Kerala’s Munnar disabled children bring you eco-friendly gifts for Onam, Rakhi – The New Indian Express
Express news service
KOCHI: A group of children from DARE School in Munnar, a special education center, came up with eco-friendly gift choices for Rakshabandhan and Onam this year. These disabled children are in the 5-20 age group and are engaged in making Onam themed masks and tote bags as part of their lockdown activities. The school, which is run by the non-governmental organization Srishti Trust, has kept children engaged in various activities since the last lockdown.
The festival-themed masks are meant to teach children about the celebrations. The craft collections were made available to the public on Srishti’s Facebook page. The DARE school established in 1991 is dedicated to the rehabilitation of special children and the creation of sustainable livelihoods for children with disabilities in the rural communities of the tea plantations of Munnar.
According to school principal Shalu Gill, young people and children with special disabilities receive courses in functional education, basic hygiene, social skills, self-help and vocational training. No less than 56 students have registered for the current academic year from different age groups.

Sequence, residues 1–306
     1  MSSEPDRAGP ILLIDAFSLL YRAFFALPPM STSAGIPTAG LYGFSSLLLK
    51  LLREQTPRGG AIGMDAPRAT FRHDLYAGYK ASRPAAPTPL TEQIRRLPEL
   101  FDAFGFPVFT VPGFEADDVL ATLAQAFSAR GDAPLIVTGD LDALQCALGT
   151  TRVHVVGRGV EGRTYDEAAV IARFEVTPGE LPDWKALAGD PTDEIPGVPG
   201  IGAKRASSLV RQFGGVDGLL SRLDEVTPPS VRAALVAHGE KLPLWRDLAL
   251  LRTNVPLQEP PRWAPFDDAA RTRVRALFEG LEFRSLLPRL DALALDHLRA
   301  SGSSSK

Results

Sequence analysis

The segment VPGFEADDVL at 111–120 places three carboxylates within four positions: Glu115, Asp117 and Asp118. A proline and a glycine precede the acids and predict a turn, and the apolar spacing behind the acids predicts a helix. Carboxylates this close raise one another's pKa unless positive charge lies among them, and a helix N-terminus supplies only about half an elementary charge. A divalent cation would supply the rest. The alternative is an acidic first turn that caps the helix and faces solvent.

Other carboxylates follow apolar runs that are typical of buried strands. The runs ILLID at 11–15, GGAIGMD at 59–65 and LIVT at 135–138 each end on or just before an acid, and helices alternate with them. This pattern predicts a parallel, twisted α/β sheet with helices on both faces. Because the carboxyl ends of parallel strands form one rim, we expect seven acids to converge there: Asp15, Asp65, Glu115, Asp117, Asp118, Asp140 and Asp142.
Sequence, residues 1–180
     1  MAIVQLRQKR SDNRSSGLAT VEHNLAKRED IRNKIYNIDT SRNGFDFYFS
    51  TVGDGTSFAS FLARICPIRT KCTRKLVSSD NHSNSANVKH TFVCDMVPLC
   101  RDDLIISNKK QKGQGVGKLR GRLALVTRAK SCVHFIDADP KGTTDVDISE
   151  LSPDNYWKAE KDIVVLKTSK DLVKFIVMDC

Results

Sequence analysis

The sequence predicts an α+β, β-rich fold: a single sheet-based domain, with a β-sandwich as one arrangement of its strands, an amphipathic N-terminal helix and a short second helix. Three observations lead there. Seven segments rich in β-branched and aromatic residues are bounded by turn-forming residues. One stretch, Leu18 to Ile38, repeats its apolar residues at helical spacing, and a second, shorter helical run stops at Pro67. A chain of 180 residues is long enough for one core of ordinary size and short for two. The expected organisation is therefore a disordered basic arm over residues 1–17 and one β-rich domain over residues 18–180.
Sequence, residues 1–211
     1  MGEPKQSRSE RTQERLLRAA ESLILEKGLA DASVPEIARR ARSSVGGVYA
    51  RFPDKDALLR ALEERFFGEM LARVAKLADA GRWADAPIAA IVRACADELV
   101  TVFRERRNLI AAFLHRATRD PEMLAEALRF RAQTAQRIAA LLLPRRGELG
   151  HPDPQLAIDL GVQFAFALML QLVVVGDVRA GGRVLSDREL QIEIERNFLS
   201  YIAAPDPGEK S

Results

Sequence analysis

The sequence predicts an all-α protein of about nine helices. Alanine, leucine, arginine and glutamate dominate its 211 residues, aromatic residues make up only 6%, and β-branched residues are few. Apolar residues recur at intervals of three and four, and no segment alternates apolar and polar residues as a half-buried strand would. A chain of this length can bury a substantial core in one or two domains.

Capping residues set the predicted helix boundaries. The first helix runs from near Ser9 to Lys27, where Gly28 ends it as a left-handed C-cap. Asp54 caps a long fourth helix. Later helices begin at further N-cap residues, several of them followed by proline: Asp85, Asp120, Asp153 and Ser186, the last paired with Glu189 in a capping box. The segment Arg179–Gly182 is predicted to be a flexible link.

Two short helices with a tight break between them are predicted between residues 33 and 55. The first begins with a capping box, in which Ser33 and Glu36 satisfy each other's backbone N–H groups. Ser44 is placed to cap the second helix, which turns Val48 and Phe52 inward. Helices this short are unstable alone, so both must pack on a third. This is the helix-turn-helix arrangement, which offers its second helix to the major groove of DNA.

They are trained by specialist educators certified by the Rehabilitation Council of India (RCI). “We have rehabilitated children with up to 60% mental or physical disabilities, including a blind student. Due to the lockdown, all children are in their respective homes.
Thus, weekly home visits respecting the Covid protocol are carried out by their teachers. They all have special interests – some are good at painting while others are good at crafts or sewing. Developing their dexterity through crafts helps improve focus and creativity, ”she says.
Deepika, Preethi, Geetha, Rajkumar, Raja, and Vivek are actively involved in the making of the Onam themed tote bags, masks and rakhi seeds. “Special festival ideas that they can perform at home are inspected by their teachers. For the ecological rakhi gifts, they used green gram, dal, dry pumpkin seeds, and even sunflower seeds.
Tote bags and masks are embellished by our children who are interested in painting by drawing faces of Kathakali and other Onam elements on them, ”says Sandhya Venugopal, director of Srishti Trust. The institution also has a vegetable and flower garden that children take care of. “It’s therapeutic for them and also allows them to grow their food and lead a healthy, nature-friendly lifestyle,” Sandhya adds.